- For Teachers
Greetings and thanks for answering me!
The idea is that in Romanian, students understand Pr Pf by associating it with these tenses of the Indicative:
Indicative Prezent (similar to Pres Simple in Engl)
John has lived here for 10 years. (as if you said: John lives here for ten years.) because he still lives here, he hasn't moved out
The same happens with Pr Pf Progr, which confuses them more as they don't see the point of expressing the same thing with two tenses, no matter how many times you may try explain to them that in this case it's the emphasis on the duration of the action which is still taking place in the present.
Now the above things come after you tell them, and here is the problem, that in the following they have to see this as Past action with present consequences:
I have read the book. (in Rom we use Indicative trecut (-understand Past Simple) as if we said in Engl I read the book.)
and have read and read do not cover the same meaning!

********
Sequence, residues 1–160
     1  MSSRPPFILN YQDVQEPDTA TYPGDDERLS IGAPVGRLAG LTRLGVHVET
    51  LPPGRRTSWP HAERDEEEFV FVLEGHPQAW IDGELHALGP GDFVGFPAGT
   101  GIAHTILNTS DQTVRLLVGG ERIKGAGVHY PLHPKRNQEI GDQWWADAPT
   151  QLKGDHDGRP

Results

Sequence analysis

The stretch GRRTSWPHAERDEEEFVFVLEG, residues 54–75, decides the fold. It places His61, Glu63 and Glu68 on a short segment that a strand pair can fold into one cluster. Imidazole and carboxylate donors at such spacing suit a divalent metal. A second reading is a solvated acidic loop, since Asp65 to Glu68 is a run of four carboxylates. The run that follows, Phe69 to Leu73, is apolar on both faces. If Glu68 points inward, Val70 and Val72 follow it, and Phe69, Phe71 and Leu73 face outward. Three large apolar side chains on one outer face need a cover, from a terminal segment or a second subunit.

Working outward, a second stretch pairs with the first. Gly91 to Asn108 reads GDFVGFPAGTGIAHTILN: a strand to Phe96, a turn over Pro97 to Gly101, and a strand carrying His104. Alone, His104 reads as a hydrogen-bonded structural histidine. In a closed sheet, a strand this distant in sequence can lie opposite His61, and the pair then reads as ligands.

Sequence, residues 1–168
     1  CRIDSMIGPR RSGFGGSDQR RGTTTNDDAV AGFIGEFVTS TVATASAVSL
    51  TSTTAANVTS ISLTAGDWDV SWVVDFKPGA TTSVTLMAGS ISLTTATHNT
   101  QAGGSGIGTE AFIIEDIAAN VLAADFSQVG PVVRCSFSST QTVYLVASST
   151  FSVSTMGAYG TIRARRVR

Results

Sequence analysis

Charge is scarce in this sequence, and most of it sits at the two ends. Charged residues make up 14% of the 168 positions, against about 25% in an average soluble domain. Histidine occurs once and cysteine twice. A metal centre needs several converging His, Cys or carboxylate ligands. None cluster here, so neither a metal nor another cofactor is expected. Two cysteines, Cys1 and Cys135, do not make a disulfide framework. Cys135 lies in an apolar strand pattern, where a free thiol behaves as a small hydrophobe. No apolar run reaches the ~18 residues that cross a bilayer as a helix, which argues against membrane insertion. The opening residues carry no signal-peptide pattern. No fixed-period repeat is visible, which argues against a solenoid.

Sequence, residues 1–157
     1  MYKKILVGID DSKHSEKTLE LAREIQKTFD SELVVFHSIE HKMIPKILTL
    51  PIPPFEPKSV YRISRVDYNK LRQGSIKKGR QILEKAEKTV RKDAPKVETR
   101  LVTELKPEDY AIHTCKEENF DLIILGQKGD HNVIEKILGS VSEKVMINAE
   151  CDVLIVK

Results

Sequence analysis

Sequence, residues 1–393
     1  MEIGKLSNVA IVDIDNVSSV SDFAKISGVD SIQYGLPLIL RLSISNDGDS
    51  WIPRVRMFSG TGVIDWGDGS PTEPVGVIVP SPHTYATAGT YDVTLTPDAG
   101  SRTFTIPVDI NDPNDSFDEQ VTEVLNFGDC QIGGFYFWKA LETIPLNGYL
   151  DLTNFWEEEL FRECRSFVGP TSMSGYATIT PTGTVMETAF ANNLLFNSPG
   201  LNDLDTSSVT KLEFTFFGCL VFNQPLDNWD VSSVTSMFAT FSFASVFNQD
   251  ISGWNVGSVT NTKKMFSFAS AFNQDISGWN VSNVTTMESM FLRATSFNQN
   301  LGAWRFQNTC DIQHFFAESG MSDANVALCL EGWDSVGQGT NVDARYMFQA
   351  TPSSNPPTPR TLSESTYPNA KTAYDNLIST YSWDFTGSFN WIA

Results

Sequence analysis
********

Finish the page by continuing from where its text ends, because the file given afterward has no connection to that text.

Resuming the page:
So, after this, many students understand this sentence:
John has lived here for 10 years.
as John lived here for 10 years. ie he doesn't live here anymore
As far as I have read and asked, many English native speakers see Pr Pf as a past tense while, as I have been taught, it is a present one, hence the name; when it comes to for and since, although the action began at some indefinite time in the past, the results linger on/continue up to the present, when for and since are folowed by time period.
This is it. I apologize if I was a bit unclear at the beggining of my post.
Thank you all and if there are any comments/suggestions, please do!
This is true of most uses of the present perfect. The action itself, or the results, consequences, implications, have some connection with present time.when it comes to for and since, although the action began at some indefinite time in the past, the results linger on/continue up to the present, when for and since are followed by a time period.